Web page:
How are lncDNA/RNA and Neutral Theory Compatible?
|May 13, 2014||Posted by PaV under 'Junk DNA', Evolution, Intelligent Design|
There are many “Neutral Theorists” who maintain that there is a lot of “junk-DNA,” among which long, non-coding DNA=lncDNA is some of the “junkiest.”
But now consider this from Wikipedia:
Nevertheless, despite low conservation of long ncRNAs in general, it should be noted that many long ncRNAs still contain strongly conserved elements. For example, 19% of highly conserved phastCons elements occur in known introns, and another 32% in unannotated regions (Siepel 2005). Furthermore, a representative set of human long ncRNAs exhibit small, yet significant, reductions in substitution and insertion/deletion rates indicative of purifying selection that conserve the integrity of the transcript at the levels of sequence, promoter and splicing (Ponjavic 2007).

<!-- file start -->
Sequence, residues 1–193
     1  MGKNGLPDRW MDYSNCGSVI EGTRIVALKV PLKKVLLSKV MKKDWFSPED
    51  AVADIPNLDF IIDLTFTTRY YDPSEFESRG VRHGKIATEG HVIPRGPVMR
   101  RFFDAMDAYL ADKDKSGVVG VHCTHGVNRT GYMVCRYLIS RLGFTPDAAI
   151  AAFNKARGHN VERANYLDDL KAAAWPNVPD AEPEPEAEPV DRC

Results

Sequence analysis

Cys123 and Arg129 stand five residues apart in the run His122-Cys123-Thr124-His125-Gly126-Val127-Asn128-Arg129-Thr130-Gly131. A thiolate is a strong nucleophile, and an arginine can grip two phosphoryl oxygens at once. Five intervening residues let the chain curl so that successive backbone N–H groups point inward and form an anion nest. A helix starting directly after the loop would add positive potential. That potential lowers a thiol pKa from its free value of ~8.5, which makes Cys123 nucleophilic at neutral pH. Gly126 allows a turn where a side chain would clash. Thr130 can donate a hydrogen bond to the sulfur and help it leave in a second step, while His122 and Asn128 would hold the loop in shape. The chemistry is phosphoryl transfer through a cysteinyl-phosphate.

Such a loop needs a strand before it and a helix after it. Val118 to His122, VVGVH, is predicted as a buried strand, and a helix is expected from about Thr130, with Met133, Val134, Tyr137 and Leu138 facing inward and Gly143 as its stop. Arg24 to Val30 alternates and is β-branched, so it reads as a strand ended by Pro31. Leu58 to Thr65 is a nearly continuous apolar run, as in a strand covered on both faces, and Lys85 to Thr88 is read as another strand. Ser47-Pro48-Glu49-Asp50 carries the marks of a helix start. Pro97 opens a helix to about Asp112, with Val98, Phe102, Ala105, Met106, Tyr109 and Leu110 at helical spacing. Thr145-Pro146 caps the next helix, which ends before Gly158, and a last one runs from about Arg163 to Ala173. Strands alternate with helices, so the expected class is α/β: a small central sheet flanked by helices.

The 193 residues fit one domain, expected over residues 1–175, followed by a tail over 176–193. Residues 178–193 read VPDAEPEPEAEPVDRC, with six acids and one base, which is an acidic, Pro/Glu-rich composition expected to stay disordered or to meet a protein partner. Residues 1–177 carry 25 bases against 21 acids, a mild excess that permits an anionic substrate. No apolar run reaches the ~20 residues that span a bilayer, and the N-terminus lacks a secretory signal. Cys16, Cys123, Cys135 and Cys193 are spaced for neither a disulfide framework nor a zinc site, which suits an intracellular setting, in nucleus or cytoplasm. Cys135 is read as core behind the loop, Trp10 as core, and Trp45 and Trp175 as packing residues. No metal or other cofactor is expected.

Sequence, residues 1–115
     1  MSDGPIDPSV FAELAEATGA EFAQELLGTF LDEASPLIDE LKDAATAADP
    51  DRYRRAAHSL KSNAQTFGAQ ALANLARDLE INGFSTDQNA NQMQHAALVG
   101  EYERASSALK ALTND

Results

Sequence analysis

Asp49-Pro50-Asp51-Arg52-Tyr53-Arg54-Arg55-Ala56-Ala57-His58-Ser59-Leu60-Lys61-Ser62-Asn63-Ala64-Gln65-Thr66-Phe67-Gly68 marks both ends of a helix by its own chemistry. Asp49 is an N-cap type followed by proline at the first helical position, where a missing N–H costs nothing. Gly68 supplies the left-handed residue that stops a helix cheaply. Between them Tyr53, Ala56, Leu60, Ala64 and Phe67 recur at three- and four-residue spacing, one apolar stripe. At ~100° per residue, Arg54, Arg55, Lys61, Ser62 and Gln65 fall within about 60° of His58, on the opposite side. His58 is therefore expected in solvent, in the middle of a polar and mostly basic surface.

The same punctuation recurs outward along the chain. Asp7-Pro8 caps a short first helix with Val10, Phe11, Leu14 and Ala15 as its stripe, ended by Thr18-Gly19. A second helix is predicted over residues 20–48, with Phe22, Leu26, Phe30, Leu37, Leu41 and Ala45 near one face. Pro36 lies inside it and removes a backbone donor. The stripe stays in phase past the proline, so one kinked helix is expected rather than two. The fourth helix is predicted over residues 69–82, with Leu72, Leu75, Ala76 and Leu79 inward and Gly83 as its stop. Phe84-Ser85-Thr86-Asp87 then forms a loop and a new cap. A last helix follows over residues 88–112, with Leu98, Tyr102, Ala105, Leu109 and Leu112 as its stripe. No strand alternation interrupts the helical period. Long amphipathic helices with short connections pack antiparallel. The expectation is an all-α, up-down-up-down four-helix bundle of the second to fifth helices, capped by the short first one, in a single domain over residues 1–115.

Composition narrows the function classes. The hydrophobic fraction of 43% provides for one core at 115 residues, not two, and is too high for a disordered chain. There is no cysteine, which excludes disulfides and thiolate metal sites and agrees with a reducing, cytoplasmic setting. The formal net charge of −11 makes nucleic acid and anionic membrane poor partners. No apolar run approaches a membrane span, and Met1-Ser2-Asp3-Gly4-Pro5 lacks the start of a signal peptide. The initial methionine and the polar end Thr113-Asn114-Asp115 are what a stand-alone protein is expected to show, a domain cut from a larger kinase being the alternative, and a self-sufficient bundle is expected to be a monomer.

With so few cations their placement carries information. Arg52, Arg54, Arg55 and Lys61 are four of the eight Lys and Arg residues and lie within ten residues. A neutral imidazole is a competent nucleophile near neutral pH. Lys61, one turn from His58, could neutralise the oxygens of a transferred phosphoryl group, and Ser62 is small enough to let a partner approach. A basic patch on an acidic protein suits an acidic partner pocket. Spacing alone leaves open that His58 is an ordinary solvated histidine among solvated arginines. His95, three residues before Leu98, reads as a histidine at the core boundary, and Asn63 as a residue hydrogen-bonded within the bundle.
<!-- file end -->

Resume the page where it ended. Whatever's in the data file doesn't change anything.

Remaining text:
If lncDNA is ‘junk’, then according to ‘neutral theory’ it shouldn’t be conserved, not even any portion of it. Yet, of the “highly conserved phastCons elements,” 32% appear in unannotated regions. And 19% of the phastCons elements are found in “introns,” yet we’re told that ‘introns’ are just “junk.” How can neutral theorists, then, maintain their position that most mutations come from molecular evolution (neutral drift), work under the assumption that “highly conserved” portions of the genome are under purifying selection, and then tell us that lncDNA is “junk”? If it is “junk,” then why aren’t ‘neutral mutations’ found across their entire length?
Just being curious.